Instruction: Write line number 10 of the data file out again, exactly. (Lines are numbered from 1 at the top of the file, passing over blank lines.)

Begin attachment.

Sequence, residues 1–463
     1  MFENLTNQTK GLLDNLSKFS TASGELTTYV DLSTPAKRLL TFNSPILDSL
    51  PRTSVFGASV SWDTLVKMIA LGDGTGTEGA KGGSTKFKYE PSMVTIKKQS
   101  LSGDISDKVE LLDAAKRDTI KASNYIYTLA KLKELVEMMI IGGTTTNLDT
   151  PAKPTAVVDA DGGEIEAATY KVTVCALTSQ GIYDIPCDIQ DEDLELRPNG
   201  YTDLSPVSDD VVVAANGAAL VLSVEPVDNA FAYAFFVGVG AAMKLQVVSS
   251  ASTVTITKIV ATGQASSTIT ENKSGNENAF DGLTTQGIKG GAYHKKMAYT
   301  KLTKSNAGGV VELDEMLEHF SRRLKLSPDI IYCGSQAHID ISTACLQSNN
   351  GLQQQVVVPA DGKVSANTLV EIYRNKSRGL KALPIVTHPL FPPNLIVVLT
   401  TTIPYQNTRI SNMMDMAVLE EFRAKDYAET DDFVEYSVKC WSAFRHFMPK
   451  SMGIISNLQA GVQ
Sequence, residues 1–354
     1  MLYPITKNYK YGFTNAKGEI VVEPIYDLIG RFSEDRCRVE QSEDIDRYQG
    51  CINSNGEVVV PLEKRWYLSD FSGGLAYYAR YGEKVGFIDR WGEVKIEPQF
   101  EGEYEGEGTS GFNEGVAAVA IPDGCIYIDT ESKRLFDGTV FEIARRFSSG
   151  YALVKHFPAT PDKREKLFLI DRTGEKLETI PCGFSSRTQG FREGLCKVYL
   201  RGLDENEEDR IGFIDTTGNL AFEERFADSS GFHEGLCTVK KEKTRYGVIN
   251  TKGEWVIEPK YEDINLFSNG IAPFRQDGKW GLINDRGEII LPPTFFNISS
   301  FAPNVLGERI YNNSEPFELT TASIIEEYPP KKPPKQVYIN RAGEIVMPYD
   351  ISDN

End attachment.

   401  TTIPYQNTRI SNMMDMAVLE EFRAKDYAET DDFVEYSVKC WSAFRHFMPK